Turn a Movie into an Active Adventure


By: , SparkPeople Blogger
  :  35 comments   :  20,544 Views

My family recently went to see a movie at the theater and one of the trailers caught our attention. The Jensen Project is the made for TV movie follow up to Secrets of the Mountain and looks to be an action packed thriller. While enjoying a movie on a Friday evening can be part of a healthy TV viewing habit, this movie sounds like it could easily become part of an active adventure as well.

My children are very imaginative and have huge boxes of figurines and themed Lego sets they have collected and used over the years to act out many of their favorite stories. As they have grown, their active adventures on their bikes, at the pool, park, or sledding slope have been based on favorite books and movie plots. I know not every child plays in the same manner, but even as teenagers, our children still love to turn movies and books into an adventure with each other and their friends. Some of our best family times have been when we have joined in.

I am sure we will see lots of P & G product placement or Wal-Mart cloth shopping bags (they are the sponsors of the movie after all) throughout the Jensen Project movie but the premise lends itself to fun active games and adventure long after the movie has ended. "Former scientists, accompanied by their tech-minded teenage son, are thrust into a frantic pursuit to keep a potentially dangerous technology from falling into the wrong hands. The Jensen Project is a roller-coaster adventure race against the clock following clues, thwarting evil schemes and rediscovering each other in the process." Here are some ideas to turn this action packed tech movie into a weekend of fun and activity for families and friends.

  • After the movie is over, head outside with flashlights to enjoy an active game of flashlight tag pretending the flashlights are laser beams. You can modify the rules if you like to play in teams and keep track of how many times each team scores a laser "hit" on the other. Families with older teens or groups of friends might want to schedule an outing to a local indoor laser tag or paint ball facility to take the game to a higher level.
  • If you have family or friends that love to decipher clues, set up an outdoor treasure hunt game. Get creative with your clues and send team members running around the yard, garage, and house to gather a variety of strange items. Make the last clue a challenge to build something out of the items they have gathered in a certain amount of time.
  • Set up a "crack the code" modified hop-scotch game for younger children learning numbers and letters. Make the clues a basic math problem like 2 + 2 = 4 so they jump twice on the number two and then jump to the answer of four. If you use letters, have them jump to each letter to spell out easy words. For older school age children, use easy science words that you define for them or ask them to define for you after they have spelled out the word.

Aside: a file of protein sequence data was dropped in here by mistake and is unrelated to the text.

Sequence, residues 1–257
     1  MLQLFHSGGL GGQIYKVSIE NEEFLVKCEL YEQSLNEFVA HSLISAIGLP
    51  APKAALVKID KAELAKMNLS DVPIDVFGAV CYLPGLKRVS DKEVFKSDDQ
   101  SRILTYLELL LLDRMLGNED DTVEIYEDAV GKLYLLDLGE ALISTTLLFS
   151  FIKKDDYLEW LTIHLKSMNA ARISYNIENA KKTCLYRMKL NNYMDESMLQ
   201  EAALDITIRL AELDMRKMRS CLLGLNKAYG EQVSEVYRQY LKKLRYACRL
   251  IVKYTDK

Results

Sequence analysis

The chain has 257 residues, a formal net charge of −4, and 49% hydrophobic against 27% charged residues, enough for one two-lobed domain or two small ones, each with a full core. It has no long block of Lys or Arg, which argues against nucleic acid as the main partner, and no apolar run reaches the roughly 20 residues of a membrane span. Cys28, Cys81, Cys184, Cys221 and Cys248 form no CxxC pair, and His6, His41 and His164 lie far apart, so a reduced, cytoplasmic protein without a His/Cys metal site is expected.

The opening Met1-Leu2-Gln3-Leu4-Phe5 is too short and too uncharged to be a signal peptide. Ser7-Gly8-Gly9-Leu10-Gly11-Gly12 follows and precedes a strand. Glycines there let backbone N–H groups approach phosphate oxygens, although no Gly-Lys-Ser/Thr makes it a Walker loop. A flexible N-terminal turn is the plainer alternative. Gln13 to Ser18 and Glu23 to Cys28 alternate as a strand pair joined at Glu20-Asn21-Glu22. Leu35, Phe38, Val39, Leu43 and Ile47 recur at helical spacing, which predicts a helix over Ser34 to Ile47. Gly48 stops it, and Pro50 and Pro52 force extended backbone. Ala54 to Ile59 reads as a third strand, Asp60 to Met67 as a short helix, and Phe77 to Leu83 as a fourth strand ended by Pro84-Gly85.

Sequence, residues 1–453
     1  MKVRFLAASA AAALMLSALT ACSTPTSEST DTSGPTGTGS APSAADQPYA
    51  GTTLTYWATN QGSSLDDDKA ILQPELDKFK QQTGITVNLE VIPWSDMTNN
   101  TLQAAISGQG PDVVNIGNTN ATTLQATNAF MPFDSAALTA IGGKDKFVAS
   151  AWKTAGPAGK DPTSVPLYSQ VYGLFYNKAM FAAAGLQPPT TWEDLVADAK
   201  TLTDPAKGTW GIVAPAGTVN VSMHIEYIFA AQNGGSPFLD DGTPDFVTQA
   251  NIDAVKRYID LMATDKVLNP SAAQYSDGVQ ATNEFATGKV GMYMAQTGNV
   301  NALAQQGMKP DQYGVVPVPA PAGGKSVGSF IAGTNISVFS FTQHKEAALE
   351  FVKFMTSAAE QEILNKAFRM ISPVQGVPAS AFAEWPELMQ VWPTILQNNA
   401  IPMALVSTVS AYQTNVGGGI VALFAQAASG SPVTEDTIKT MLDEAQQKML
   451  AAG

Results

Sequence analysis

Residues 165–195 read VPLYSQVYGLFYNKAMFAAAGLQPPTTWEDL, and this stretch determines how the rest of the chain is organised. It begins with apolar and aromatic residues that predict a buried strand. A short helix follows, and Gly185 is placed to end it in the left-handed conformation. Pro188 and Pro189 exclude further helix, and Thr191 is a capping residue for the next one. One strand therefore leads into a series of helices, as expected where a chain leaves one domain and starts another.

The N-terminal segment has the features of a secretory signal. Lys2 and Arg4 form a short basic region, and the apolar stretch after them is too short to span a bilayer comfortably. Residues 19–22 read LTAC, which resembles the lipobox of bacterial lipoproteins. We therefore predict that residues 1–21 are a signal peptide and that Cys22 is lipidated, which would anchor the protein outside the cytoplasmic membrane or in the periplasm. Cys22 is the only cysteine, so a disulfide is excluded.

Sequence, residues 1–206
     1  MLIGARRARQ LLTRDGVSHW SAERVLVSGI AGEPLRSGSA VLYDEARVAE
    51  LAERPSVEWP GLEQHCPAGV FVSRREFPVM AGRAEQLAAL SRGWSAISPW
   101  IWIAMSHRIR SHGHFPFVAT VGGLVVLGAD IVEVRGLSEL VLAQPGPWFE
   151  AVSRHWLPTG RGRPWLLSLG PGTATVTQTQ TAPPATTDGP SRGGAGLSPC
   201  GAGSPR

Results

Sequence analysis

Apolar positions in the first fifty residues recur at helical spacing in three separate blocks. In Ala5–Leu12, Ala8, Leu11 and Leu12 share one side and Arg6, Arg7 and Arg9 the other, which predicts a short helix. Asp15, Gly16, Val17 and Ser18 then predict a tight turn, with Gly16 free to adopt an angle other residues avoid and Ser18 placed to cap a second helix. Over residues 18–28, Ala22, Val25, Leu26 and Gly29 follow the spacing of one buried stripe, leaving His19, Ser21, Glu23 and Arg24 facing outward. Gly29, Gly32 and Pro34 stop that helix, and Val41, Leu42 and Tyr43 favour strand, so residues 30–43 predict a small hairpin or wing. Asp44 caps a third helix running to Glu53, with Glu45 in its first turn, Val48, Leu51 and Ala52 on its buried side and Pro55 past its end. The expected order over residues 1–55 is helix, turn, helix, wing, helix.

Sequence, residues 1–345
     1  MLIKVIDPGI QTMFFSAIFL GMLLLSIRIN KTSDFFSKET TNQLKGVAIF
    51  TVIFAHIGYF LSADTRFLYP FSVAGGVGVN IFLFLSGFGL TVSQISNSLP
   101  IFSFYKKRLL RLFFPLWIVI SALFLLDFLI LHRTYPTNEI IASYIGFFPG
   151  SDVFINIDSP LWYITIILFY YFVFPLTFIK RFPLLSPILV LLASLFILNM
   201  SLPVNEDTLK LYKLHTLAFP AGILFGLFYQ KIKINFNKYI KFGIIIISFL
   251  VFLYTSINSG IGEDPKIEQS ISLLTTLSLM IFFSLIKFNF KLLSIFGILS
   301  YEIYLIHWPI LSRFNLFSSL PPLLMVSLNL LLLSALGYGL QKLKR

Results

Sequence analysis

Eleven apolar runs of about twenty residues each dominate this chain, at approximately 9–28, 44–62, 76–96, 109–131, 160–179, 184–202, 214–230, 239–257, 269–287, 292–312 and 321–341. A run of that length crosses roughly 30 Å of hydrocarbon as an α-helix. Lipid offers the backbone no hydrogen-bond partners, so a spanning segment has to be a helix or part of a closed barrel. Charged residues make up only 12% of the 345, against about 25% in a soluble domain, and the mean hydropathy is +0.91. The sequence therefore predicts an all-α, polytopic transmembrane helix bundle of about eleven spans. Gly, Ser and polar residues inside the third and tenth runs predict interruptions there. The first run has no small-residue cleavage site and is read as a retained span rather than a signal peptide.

• Turn a hike on a nearby long, winding park trail into a spy game. Split your group into two teams and start at opposite ends of the trail. Use trees, stumps, and large rocks to hide behind or crawl around to hide and sneak up on the other team for the capture (being mindful of park rules of course). Establish a home base for each team to serve as the jail for captured spies and create rules for how teams can break their spies out of jail to return to the action.
Sitting and watching TV can be a wonderful way to relax with family or friends at the end of a long day or a fun way to gather socially. It can also become a habit that doesn't promote an active lifestyle if we do it too frequently. I think one of the reasons activities such as video games are so engaging is that they tap into the imagination. With a little planning and imagination, movies, books and TV adventures can become not just interactive but physically active opportunities that keep you, your family, and friends moving. We will be watching The Jensen Project this Friday evening and are looking forward to a weekend of active imaginative play afterwards; how about you?

Have you ever tried to take passive activities like reading or watching TV and turn them into games or activities? Do you think engaging your imagination could be helpful to staying active? What creative ideas can you come up with for your favorite books or movies?

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  • 35
    Thank you for such great ideas. - 7/16/2010   6:48:12 PM
  • 34
    Awesome!!!! I like this ideas! - 7/15/2010   9:02:06 AM
  • 33
    Awesome!!!! I like this ideas! - 7/15/2010   9:02:05 AM
  • 32
    Great ideas. I can't wait to try flash light tag with my family!! - 7/14/2010   9:35:48 AM
  • 31
    When my children were younger, after watching a film they used to draw pictures and try to remember character names.
    If it's a film you know, you can write a phrase etc that is used in the film and see who can spot it first or give each person a line to listen out for.
    At the school I work in, we make a lotto board for the children to have infront of them to spot things throughtout the film.
    There are lots of great ideas on here. Don't forget healthy movie snacks too x - 7/13/2010   5:14:33 PM
  • 30
    What fun! I want to take my grandkids to the movie, & then have fun with it. - 7/13/2010   3:29:13 PM
  • 29
    My kids favorite alltime thing was a treasure hunt. I would write numerous clues that would lead them all over the house and yard, and at the end they would find something special. This was especially great during holidays and birthdays. - 7/13/2010   2:14:08 PM
  • 28
    When we were kids we used to go home from a movie and pretend we were the characters in thaT movie----- - 7/13/2010   1:22:10 PM
    For me, part of the enjoyment of a movie is having a few hours of mindless relaxation. Wellness is about all things in moderation, so the occasional movie isn't an event that I feel like I need to turn into an active time. - 7/13/2010   11:01:18 AM
  • 26
    Great ideas to help the family be active AND stay together. Awesome! - 7/13/2010   9:01:01 AM
  • 25
    When I was a kid it was all Nancy Drew - first from the books, then the TV show. We would make up our own mysteries and run around trying to solve them. Since we were the ones who made them up, I guess we solved them all. :-) - 7/13/2010   8:13:46 AM
    Reminds me of the time my brother decided he needed a towel around his neck so that he could be Mighty Mouse while watching Mighty Mouse. He jumped off a footstool and rammed one of his baby teeth back into the gum line, poor kid. - 7/13/2010   7:51:08 AM